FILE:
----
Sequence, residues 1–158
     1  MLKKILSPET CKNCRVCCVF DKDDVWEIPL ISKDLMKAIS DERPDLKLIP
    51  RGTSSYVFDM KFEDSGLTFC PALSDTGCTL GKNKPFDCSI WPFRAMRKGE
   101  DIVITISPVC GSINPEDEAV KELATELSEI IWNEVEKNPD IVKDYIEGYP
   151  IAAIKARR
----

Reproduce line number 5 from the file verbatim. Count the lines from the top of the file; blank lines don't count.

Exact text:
   151  IAAIKARR